Goldrock has made party to its suit Webmasters Kenya which developed the portal and which contracted it to do the collections.
As soon as the Treasury finally wrested control of the digital payments system, it began regularisation of the entire project but the process has sparked a three-way standoff.
“After a lot of back and forth, the President’s chief of staff placed the secretariat under the Treasury. It was not clear from the onset how we were going to regularise this. We can either go back and say 'you did wrong' and crucify everyone involved or regularise this project that is still on pilot,” said Mr Ayugi, the developer.
Contacted Tuesday, Dr Thugge said the Treasury cannot comment on our queries because there is a matter in court on eCitizen.
But he said the ICT ministry is in the process of training staff to provide technical support for the platform. "The government digital payments secretariat provides technical and customer support to eCitizen users. The Ministry of ICT is in the process of further rolling out the system to more government services," he said.
The President formed a task force to find a digital payments solution in April 2014, appointing Treasury’s then director of economic affairs Justus Nyamunga to lead the team. One month down the line, the team asked financial service providers to present their ideas.
Mr Ayugi’s concept was taken up. He is one of the World Bank’s shortlisted contractors.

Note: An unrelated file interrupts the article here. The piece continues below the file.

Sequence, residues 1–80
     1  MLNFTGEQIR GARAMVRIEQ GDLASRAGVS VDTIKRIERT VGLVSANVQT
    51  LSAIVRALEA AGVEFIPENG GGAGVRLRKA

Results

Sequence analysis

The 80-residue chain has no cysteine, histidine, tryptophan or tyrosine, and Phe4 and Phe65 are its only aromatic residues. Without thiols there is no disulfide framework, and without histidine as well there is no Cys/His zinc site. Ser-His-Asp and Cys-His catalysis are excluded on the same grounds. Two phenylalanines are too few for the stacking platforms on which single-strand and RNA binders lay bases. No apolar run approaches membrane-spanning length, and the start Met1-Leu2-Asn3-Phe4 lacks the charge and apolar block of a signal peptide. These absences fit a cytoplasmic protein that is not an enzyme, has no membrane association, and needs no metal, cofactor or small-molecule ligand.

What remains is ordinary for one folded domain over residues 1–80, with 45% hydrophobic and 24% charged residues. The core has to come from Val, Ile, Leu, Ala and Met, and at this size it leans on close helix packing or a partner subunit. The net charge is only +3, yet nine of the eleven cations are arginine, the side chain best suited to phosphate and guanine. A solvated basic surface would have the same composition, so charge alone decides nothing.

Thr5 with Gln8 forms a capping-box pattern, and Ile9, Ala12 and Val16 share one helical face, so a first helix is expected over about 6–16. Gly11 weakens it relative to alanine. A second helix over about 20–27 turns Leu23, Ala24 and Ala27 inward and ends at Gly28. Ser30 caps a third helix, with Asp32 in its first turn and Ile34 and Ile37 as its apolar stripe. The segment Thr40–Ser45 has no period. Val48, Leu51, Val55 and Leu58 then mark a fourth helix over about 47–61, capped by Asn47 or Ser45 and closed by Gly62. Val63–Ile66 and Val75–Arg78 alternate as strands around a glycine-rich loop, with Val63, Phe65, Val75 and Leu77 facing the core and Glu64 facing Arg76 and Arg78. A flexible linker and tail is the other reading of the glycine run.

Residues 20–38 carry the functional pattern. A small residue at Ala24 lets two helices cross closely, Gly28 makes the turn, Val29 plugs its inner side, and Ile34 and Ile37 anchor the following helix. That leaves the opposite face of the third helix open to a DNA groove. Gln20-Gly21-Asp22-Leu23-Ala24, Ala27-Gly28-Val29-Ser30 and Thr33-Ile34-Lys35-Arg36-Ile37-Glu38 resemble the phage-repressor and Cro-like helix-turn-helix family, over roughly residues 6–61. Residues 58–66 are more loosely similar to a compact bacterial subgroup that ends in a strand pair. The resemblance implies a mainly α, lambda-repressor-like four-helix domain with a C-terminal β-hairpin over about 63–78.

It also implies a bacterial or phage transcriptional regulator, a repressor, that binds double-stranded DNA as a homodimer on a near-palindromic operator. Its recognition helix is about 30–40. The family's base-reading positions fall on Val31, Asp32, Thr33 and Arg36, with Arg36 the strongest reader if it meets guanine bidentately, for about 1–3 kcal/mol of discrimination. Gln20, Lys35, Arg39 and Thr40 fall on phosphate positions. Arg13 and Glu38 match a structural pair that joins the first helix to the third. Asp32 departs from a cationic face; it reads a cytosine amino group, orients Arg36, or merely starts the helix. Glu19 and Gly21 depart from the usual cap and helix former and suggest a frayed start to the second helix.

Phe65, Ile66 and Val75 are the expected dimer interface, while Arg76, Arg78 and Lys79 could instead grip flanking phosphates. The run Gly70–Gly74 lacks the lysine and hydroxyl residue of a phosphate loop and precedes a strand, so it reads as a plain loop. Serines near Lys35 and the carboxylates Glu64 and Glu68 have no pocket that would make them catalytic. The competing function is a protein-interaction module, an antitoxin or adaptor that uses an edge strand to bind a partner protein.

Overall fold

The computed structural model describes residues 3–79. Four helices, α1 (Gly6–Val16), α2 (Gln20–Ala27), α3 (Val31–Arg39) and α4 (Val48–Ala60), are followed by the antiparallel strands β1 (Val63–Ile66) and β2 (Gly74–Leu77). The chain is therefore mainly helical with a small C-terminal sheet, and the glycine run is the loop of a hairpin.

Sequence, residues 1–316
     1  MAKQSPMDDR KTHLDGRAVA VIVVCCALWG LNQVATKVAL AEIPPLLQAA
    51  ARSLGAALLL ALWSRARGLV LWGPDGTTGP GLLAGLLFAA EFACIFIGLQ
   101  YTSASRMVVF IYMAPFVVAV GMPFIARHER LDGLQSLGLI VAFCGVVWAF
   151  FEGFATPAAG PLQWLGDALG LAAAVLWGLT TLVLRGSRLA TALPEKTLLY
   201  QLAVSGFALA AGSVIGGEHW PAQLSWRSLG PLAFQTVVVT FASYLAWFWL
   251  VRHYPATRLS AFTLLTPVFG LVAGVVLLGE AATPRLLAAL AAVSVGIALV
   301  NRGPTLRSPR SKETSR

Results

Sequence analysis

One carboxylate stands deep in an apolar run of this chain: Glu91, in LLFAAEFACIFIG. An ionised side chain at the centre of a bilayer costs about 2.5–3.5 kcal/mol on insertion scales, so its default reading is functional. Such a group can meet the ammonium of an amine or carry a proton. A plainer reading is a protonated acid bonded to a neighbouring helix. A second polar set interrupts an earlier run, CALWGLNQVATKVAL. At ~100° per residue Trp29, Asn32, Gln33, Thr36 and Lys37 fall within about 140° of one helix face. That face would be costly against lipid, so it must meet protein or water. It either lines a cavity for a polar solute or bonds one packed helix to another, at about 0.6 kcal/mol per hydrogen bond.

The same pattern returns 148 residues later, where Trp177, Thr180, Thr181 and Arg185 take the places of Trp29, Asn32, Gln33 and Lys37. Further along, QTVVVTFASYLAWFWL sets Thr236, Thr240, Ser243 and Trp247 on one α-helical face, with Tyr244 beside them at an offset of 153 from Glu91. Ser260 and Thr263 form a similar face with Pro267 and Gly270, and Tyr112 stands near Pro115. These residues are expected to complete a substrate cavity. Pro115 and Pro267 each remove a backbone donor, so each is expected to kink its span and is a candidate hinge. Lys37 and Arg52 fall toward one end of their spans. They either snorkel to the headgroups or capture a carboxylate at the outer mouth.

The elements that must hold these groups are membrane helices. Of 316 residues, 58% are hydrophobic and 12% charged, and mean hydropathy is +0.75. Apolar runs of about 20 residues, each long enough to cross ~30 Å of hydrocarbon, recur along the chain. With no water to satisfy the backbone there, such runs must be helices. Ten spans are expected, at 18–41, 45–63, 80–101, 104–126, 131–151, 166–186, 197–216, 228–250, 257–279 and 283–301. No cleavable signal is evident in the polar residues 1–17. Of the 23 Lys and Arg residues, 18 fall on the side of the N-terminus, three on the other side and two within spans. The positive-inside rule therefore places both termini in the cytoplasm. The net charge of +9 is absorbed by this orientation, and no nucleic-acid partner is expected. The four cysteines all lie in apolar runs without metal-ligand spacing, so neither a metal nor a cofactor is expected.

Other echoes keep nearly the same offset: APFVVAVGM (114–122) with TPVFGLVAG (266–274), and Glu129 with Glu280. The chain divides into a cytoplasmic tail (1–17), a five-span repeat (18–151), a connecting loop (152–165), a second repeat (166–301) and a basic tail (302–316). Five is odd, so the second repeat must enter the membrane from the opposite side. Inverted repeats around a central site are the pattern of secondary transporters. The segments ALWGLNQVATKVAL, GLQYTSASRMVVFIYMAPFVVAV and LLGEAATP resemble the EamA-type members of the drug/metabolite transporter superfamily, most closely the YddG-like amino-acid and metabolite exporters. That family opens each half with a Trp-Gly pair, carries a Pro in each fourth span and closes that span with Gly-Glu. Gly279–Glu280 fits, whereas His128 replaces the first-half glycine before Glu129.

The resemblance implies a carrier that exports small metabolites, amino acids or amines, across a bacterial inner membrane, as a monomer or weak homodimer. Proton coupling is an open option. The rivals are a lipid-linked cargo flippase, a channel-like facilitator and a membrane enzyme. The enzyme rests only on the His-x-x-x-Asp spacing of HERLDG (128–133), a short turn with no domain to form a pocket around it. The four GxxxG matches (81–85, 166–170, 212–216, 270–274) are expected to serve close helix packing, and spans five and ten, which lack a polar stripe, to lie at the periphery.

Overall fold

The team was comfortable with Mr Ayugi. The only catch was that the team was operating on an empty wallet as it had not been budgeted for. “They said they had a July 2014 deadline for a concept,” Mr Ayugi said in an interview. “My system was already plugged in with Pesa Pal, a payment service provider. The team didn’t have money or a budget but wanted a product because they were under pressure.”
Dr Thugge then wrote to the World Bank’s lending arm, the International Finance Corporation (IFC) on May 29, 2014 seeking funding for the system.
As setting up a whole new project would take time and a lot of money, it was agreed that the system would come in as an expansion of the e-registry.
IFC in its response said it could only fund the pilot project but only on four conditions — that at least 10 government agencies would be included in the pilot, Mr Ayugi’s Webmasters Kenya would host the system, the government would fund the subsequent phases and finally it would go on record that the project did not require going through the usual public procurement process.
With everyone in agreement, IFC funded the pilot and Webmasters came up with eCitizen.
The contract between IFC and Webmasters Kenya that has been filed in court indicates that the developer was to provide technical support for eCitizen until January, 2015 — six months after going live.